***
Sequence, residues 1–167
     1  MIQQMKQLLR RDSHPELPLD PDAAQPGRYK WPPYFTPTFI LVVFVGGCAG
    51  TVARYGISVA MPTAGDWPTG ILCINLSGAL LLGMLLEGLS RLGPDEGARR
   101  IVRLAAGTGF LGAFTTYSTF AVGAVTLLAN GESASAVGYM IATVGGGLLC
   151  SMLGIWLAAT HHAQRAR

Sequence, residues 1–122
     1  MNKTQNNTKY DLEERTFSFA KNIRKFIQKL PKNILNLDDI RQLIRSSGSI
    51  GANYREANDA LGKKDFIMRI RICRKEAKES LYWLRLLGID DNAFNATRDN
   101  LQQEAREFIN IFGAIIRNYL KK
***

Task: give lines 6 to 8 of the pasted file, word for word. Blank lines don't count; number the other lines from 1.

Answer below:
Sequence, residues 1–122
     1  MNKTQNNTKY DLEERTFSFA KNIRKFIQKL PKNILNLDDI RQLIRSSGSI
    51  GANYREANDA LGKKDFIMRI RICRKEAKES LYWLRLLGID DNAFNATRDN